'Captain America': It's Not That Bad

This much maligned film captures enough of the spirit of Captain America that Marvel fans will probably want to own this odd piece of ephemera from before the age when Marvel movies became a juggernaut.

Captain America

Director: Albert Pyun
Cast: Matt Salinger, Ronny Cox, Ned Beatty, Scott Paulin
Distributor: Shout! Factory
Rated: NR
Release date: 2013-05-21

"It's not as bad as you’ve heard" doesn’t constitute a ringing endorsement. On the other hand, you’ve heard some very bad things about Albert Pyun’s 1990 film version of Captain America. Sometimes touted as the “worst superhero movie ever made,” Shout! Factory has released a blu-ray “Collector’s Edition” of the effort that gives Cap fans a chance to see if it lives up to its lousy reputation.

Keep an open mind. Captain America has some pretty good moments, but its effect sours overall. Filmed in Yugoslavia on a shoestring, the action sequences are generally absurd and the dialogue feels at times like bad dubbing. Nevertheless, it captures enough of the spirit of Captain America that Marvel fans will probably want to own this odd piece of ephemera from before the age when Marvel movies became a juggernaut.

Captain America opens somewhat promisingly, beginning the story during the Second World War and with Cap’s arch nemesis, Red Skull. Here, Pyun at least improved over the horrific 1979 made for TV films, with which his effort sometimes gets confused. Pyun’s work is vastly, and I mean vastly, better… not that that’s a great accomplishment since the TV Captain America used the super soldier serum to help an old lady catch some muggers stealing her social security checks (I’m not kidding).

Once, the story leaves the '40s, we’re pretty much done here. Captain America ends up frozen in ice just like in the comics and finds himself reawakened in the '90s. This middle part of the film slows to a crawl, with the bright spot being Ned Beatty showing up as the best friend of the current President of the United States. Unfortunately, he’s in exactly three scenes before the Red Skull’s henchmen kill him off so he can pick up his paycheck and get the hell out of there.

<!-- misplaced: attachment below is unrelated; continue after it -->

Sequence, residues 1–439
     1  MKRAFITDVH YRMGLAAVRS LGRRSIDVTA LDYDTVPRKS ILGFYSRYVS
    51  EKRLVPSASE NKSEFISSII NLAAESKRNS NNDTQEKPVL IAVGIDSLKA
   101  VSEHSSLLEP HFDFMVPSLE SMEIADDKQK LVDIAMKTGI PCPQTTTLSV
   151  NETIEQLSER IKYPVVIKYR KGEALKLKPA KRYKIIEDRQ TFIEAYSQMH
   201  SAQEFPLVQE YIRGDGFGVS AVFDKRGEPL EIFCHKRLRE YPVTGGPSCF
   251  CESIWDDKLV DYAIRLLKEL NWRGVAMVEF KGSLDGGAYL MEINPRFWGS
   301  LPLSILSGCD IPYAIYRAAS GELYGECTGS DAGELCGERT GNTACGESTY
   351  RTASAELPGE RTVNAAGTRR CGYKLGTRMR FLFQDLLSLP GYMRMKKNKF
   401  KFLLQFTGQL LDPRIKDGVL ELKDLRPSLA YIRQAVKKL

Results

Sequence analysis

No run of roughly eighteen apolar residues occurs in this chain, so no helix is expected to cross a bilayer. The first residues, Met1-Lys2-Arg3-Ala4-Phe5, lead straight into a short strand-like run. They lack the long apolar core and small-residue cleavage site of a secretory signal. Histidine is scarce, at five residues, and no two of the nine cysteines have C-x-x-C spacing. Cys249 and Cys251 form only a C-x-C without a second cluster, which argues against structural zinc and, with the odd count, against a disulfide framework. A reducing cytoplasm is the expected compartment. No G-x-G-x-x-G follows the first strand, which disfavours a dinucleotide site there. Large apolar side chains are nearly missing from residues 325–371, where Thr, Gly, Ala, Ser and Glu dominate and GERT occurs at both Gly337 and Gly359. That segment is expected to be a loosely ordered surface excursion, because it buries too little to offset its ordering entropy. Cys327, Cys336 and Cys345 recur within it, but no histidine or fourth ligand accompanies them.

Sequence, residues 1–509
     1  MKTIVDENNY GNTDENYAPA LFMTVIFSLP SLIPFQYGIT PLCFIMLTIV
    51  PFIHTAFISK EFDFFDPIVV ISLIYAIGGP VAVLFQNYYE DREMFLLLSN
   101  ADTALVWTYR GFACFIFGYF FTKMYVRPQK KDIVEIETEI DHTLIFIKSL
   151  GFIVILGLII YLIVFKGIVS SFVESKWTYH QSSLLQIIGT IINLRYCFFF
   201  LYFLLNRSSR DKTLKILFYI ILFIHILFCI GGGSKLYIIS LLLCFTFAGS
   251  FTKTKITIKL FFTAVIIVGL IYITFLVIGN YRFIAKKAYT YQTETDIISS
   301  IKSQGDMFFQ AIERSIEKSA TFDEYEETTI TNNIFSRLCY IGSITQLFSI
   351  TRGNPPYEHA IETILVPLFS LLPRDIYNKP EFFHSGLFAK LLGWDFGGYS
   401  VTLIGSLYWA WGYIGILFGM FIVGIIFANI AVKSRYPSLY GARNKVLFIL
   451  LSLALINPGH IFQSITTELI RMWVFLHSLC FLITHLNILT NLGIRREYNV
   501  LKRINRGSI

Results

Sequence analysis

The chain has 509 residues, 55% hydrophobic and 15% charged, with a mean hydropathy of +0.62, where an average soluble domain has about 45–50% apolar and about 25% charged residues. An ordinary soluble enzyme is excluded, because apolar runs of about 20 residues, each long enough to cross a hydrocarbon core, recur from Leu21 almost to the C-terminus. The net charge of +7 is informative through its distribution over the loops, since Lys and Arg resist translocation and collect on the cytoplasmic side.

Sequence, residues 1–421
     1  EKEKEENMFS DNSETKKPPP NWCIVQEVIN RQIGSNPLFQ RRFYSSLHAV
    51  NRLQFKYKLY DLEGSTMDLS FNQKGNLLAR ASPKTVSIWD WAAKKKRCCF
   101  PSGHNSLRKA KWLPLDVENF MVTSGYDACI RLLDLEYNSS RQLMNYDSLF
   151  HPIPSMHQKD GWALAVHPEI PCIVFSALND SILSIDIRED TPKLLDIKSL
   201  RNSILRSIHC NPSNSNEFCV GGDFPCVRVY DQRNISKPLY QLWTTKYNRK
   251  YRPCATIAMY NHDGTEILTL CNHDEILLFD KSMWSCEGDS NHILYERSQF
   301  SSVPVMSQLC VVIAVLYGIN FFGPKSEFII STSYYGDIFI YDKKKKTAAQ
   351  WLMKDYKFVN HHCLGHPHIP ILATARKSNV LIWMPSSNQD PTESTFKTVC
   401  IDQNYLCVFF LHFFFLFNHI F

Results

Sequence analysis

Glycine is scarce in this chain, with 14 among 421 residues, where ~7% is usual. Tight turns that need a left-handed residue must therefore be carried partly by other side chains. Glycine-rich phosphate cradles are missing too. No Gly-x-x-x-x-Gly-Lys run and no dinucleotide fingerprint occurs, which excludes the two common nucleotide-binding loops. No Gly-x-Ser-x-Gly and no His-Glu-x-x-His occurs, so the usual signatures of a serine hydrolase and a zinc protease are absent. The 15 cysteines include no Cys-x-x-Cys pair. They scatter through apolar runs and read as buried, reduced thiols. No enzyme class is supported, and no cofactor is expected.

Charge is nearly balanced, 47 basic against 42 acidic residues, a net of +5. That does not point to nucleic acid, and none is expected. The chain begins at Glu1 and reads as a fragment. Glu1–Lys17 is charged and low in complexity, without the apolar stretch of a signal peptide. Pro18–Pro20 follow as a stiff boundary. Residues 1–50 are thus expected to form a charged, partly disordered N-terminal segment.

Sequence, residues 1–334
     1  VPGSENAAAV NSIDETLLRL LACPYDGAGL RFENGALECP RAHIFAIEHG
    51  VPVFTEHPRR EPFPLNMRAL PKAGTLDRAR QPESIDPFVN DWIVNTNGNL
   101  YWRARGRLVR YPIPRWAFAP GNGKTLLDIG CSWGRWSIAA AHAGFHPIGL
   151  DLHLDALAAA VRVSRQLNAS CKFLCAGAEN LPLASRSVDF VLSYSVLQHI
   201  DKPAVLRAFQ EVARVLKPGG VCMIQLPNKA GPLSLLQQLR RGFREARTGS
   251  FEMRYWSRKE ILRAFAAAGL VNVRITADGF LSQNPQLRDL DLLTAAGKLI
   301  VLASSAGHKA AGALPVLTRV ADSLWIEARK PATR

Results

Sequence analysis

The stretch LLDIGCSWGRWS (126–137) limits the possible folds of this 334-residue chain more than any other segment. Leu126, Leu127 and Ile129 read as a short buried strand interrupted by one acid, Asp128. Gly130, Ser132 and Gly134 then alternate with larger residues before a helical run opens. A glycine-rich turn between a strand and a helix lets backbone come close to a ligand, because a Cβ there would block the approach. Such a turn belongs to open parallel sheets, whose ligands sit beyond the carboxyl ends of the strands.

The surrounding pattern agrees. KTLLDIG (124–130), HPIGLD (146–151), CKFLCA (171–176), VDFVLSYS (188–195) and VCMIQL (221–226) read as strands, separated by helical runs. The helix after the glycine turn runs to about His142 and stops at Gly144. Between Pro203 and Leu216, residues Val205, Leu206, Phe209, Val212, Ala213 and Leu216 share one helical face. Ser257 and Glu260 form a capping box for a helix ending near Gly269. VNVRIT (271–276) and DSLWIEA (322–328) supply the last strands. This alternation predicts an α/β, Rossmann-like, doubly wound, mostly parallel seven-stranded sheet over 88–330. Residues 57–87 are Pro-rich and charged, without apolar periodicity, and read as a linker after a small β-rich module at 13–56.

This segment also contains an atrocious action scene in a warehouse so darkly lit that the high-def transfer just seems to make it look darker. Cap’s not wearing his costume and, adding insult to injury, using a garbage can lid in place of his shield. His search for the Red Skull in Italy includes a poorly choreographed shoot 'em up at a café where, again, Cap’s out of costume.

Meanwhile, Cap’s old enemy has kidnapped the President. The Red Skull has had plastic surgery and no longer sports a spiffy Red Skull, primarily because of the real villain of this film: low production values. Why has he kidnapped the President? Its some kind of Manchurian Candidate plot but we don’t learn much about, other than that there’s some high-ranking general in the Pentagon who has allied himself with Red Skull because the President is pro-environment. Or something.

There are other weird elements, too. Iconic scenes and ideas from the comics that are perfect for film never appear. We never get to see sickly Steve Rogers apply and be rejected when he tried to join the army to watch Nazis. We’re just told in the beginning that he’s become a part of some super secret project. Meanwhile, Roger appears to be in his mid-30s during the WWII portion of the film, and an avid smoker. He also has a penchant for stealing people’s cars, Grand Theft Auto-style. And then there’ the aforementioned refusal to just put on his damn costume and be Captain America.

But again, it’s not all rubbish. The action sequences early in the film are not too bad, including the battle with the Red Skull. Scott Paulin as the Red Skull plays up the nefarious really well and his look matches up serviceably with the comic book villain.

And yes, when he finally puts it on, the Captain America costume look silly. But it also looks like Cap from the comics. No substituting a red white and blue army helmet for those iconic, ridiculous looking little wings popping out of his cowl. They went full on cartoony. He looks like something out of a comic book, in other words, and why is that a bad thing?

In fact, the suit sums up the one redeeming feature of this failed project. Director Albert Pyun and Matt Salinger seem to have loved this character and put as much of his spirit into an underfunded film as they could. This counts for something, and earns the blu-ray a place in most every comic book fan’s collection.